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Erik Visits an American Grave, Part 1,248

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This is the grave of John Dolbeer.

Born in 1827 in Epsom, New Hampshire, Dolbeer grew up on a farm like most people in New Hampshire and in fact most of the nation at this time. He went to the common schools and all that. By the mid-19th century, the productivity of New England farms was not great. In fact, that was pretty much true by 1780. So like a whole lot of Americans, Dolbeer saw the California Gold Rush as an opportunity for something–anything–different than what they had. At least it was an adventure, it was a chance to expand American power (something many were quite aware of), it was a chance to get rich of course too.

Well, like almost everyone else, Dolbeer did not strike a bonanza. But he did stay out West for the many economic opportunities the region provided. In 1853, he sailed north out of San Francisco for Humboldt Bay. This was at the time of the full-fledged genocide against California tribal peoples, the scale of which most contemporary Americans really don’t understand. This wasn’t just defeating them in war or something. This was full-fledged, full-on, intentional genocide with all the rape, murder, child kidnapping, and slavery that meant. Now, I don’t know to what extent Dolbeer was engaged in this actively. What I do know is that it was right around 1853 that this really hit northwestern California in full force, so at the very least, Dolbeer gained from it.

Well, in the tiny town of Eureka, Dolbeer bought a timber mill named Martin White’s Bay Mill. It took him awhile to make too much money off of it. There were a number of problems. There was plenty of demand for the timber–San Francisco needed wood and California had it. The market was there. But so were the fires that were so common in this industry for a very long time. So the mill burned twice in the next 10 years and whatever money Dolbeer had made had to go back into rebuilding it. But in 1863, Dolbeer and William Carson came up with a deal to create the Dolbeer and Carson Lumber Company. This became the main (or one of at least) timber company of northwestern California over the next several decades. They both became quite wealthy off of this.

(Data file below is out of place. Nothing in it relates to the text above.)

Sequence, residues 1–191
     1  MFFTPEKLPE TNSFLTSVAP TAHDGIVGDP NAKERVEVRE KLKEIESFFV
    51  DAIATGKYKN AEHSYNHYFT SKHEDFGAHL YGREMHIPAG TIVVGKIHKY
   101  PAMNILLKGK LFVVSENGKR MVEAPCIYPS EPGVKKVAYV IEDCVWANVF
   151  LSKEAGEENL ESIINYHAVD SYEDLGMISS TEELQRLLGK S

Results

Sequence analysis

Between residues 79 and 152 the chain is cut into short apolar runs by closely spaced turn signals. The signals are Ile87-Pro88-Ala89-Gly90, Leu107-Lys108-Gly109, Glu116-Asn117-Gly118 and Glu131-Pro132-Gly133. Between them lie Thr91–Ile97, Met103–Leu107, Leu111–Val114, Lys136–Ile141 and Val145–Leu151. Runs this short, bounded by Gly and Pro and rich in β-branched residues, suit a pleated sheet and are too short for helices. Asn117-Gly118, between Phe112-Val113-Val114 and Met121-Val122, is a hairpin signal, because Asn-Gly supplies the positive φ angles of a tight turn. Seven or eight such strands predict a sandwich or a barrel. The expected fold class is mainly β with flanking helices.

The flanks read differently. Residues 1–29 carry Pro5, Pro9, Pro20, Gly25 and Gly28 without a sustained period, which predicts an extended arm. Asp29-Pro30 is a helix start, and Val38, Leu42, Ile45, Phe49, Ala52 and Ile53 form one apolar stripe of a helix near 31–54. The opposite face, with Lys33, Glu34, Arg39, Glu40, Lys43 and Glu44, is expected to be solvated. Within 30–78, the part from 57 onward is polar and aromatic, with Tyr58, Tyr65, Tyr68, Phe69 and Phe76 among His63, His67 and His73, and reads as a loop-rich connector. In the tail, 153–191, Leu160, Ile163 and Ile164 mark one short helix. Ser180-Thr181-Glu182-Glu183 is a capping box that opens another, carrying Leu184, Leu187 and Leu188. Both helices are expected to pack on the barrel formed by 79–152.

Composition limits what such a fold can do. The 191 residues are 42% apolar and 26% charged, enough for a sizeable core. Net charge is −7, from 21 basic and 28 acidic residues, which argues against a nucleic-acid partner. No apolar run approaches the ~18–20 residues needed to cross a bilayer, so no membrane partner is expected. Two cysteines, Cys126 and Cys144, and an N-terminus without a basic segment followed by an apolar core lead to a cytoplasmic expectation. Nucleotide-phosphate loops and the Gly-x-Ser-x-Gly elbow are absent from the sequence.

Dolbeer had one of the common nineteenth century hobbies–tinkering. The truth was that the technologies of logging in the rest of the United States didn’t work well in the Northwest. Trees in Maine or Wisconsin or Arkansas were, simply put, much smaller than those of the Northwest. The available saws, for instance, simply wouldn’t cut trees as large as a redwood or Douglas fir. Then you had to drag these monsters to the nearest waterway and get them to market. Usually, getting the trees to water was done by animals. But animals are cranky and don’t always do what you want them to do. Moreover, this was such an isolated region at this point that if you were using oxen to move trees, you had to actually get oxen to northwest California. The excellent Kelly Reichardt film First Cow, from a couple of years ago, dealt with this very issue of cows in the early white Northwest, though in Oregon.